Judith Dollenmayer ’63 was in the first class at Radcliffe College to receive Harvard degrees. And she was the first woman president at the Harvard Club of Washington, D.C.
Now, the former congressional aide has added a different sort of first. Last month, she was in New Orleans on the first public service trip for Harvard alumni co-sponsored with the Phillips Brooks House Association (PBHA).
More such alumni events are already planned for next year, one of many indicators that service trips are a growing movement at Harvard, among present and former students alike. “All the trends we see here are increasing drastically,” said Gene Corbin, executive director of PBHA, Harvard’s largest undergraduate group and the source of year-round regional public service.
Alternative spring breaks at Harvard College grew from one trip in 2001 to nearly a dozen this year. Harvard’s professional Schools are funding more initiatives that combine learning with doing good. Trips abroad increasingly combine scholarship and assistance.
And Harvard’s January intercession, new this year, immediately became a vehicle for prolonged service trips. Students went to Uganda to fight malnutrition, to El Salvador to promote literacy, and to the Dominican Republic for a water purification project. Even sports played a role. The Harvard women’s squash team traveled to northern India to combine court instruction with academic tutoring.
Last month, the Harvard Alumni Association (HAA) teamed up with PBHA and PBHA-Alumni, which is one of the HAA’s 35 “shared interest groups.” The resulting working trip to New Orleans was for Harvard alumni who embrace the idea of travel combined with good deeds. The HAA also has designated April as its first Global Month of Service.
“Public service has been a critical activity for Harvard alumni for generations, and we wanted to recognize it this year,” said Philip W. Lovejoy, the HAA’s deputy executive director.
For next year, said PBHA’s Corbin, there’s already strong interest in shifting some of the alternative spring break trips to January, a move that would allow for longer service and better justify the expense of traveling to faraway places.
Last month, 85 undergraduates took alternative spring break trips to 10 domestic sites and a Habitat for Humanity location in El Salvador.
The public service trend is fueled in part by the spotlight shown on the issue by Harvard President Drew Faust, said Corbin. “Faust is using the bully pulpit of the Harvard presidency to say: Public service is valued at Harvard. It’s an important use of your time while in school, and public interest careers represent a valuable use of your Harvard education.”
Adding momentum to the efforts, Harvard held its first Public Service Week last fall. Events and activities highlighted the University’s service history, celebrated its present, and encouraged a future of doing more.
Harvard’s Schools are expanding their service roles as well. In February, Harvard Law School created a new Public Service Venture Fund that awards grants to students pursuing careers in public service.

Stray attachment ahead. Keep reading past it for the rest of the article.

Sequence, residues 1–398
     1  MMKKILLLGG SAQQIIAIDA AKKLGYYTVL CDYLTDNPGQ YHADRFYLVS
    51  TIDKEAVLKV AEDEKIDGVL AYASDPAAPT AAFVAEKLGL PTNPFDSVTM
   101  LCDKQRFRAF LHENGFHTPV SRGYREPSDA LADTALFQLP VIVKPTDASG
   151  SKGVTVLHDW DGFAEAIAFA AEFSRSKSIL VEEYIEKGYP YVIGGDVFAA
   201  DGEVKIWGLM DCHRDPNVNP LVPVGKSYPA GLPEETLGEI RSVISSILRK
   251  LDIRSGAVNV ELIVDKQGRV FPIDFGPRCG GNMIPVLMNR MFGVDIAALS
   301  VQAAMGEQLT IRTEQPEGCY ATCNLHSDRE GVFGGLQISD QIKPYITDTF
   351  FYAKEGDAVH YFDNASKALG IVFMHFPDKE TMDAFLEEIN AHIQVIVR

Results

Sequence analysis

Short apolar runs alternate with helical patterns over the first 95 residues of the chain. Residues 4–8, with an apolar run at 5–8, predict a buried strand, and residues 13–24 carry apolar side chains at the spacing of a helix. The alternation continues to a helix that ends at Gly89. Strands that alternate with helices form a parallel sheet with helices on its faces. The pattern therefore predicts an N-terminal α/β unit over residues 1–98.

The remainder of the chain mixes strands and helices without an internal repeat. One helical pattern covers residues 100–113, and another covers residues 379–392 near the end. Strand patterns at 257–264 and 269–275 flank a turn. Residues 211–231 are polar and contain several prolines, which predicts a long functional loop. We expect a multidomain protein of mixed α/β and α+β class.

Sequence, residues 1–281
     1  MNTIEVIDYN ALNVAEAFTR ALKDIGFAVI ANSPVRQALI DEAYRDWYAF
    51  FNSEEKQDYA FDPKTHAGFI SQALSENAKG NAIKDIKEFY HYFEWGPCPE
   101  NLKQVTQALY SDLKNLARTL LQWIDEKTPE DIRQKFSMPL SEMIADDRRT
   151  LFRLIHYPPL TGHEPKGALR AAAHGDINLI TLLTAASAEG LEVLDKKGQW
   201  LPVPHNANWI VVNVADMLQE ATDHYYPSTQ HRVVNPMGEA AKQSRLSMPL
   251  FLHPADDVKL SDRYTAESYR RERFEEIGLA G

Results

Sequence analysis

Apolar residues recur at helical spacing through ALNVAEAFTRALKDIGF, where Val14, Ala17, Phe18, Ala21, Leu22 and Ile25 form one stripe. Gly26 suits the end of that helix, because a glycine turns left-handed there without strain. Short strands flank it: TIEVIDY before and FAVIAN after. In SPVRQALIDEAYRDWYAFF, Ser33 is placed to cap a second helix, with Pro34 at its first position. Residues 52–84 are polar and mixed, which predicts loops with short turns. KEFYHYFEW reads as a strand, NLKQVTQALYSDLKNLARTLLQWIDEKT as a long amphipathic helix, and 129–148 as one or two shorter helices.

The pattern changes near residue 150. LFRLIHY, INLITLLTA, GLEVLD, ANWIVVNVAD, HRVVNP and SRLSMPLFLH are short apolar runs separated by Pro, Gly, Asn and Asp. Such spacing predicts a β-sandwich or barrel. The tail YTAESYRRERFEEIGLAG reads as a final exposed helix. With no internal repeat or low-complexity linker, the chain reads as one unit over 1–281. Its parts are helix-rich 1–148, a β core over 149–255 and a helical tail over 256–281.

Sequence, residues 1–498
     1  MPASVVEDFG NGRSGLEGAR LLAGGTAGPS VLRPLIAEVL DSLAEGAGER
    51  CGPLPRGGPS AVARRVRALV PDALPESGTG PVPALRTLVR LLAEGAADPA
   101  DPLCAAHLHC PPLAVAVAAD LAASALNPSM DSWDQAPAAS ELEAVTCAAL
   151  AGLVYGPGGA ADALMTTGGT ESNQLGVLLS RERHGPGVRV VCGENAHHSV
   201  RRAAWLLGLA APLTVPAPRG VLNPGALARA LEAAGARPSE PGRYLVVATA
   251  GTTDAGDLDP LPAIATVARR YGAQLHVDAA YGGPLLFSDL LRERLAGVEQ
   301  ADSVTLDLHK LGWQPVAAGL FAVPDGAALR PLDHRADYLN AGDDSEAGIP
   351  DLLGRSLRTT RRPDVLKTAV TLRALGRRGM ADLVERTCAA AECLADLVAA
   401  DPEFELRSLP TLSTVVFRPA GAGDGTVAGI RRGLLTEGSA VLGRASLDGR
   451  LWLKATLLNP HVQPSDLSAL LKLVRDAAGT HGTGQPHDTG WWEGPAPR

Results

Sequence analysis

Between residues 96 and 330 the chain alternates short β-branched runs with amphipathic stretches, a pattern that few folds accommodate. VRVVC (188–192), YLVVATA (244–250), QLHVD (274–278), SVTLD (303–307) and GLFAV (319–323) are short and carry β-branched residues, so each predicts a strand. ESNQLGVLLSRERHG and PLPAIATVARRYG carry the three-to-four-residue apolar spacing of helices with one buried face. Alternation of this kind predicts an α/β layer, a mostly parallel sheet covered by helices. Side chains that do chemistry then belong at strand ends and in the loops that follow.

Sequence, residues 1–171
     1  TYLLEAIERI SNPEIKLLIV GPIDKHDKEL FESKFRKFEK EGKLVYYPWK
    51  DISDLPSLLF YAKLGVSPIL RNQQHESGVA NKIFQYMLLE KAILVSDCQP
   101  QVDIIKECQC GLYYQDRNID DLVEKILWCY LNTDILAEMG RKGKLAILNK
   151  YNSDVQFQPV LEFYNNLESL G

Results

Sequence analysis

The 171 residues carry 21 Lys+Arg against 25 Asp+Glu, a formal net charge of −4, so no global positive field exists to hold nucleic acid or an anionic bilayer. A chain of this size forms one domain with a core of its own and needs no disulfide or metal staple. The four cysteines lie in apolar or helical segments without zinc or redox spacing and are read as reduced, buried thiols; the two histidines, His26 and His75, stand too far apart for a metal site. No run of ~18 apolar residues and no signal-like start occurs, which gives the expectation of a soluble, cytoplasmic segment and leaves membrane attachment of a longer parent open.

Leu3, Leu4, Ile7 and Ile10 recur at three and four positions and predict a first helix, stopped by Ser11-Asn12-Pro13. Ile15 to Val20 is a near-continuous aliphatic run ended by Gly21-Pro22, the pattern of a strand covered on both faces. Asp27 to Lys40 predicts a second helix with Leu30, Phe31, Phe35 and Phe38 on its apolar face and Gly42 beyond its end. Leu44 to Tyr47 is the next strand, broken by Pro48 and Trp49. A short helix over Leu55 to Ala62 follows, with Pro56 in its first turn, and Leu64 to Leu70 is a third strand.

Starting April 5, there will be a Public Service Week at the Harvard Kennedy School (HKS), five days of panels and programs on health care, public sector careers, race, poverty, human rights, urban schools, employment, and other issues. HKS students have historically brought their scholarship and energy to local municipalities. They also maintain a Student Public Service Collaborative to integrate service into the School’s culture.
Then there is the growing alumni effort. Last May, the HAA co-sponsored Harvard’s first Global Day of Service with the Harvard Graduate School of Education. About 300 alumni and students volunteered for projects in 13 cities.
Last month’s alumni work trip to New Orleans was a warm-up for the HAA’s Global Month of Service (April 1-30), one of four “Harvard Serves” initiatives. This month, there will be more than 75 volunteer opportunities in 20 cities on four continents. Volunteers will help to clean up riverbanks, tutor schoolchildren, work at rescue missions, and build houses.
Starting this week (April 2), the HAA will launch its “Public Service on the Map” Web site so that alumni, students, faculty, and staff can register their projects. Said Lovejoy, “We’re billing it as an instant connection to Harvard’s public service community throughout the world.” The site will include listings of volunteer opportunities, internships, and jobs.
Teresita Alvarez-Bjelland ’76, M.B.A. ’79, president of the HAA this year and a resident of Oslo, Norway, has made Harvard’s global public service the theme of her tenure. As to the breadth of the projects around the world, she said, “I am thrilled and proud.”
Among Harvard graduates, the potential for doing good is enormous. There are nearly 365,000 Harvard alumni worldwide, and 181 Harvard clubs (105 in the United States and 76 in other countries).
The plight of Gentilly
During the alumni work trip in New Orleans last month, 22 alumni and friends gathered in a sun-parched lot in Gentilly. In 2005, Hurricane Katrina had turned a vibrant neighborhood into a fetid lake 5 feet deep. Today, every third house is still abandoned, adults scramble for work, and children wander restlessly after school.
The Harvard volunteers spent six days sprucing up two narrow frame houses owned by the Pentecost Baptist Church, which lost half its congregation after Katrina. The volunteers scraped, painted, washed, fixed, and gardened. They ate box lunches and slept in college dorms. On their last day, though New Orleans is famous for fun, they elected to stay on the job.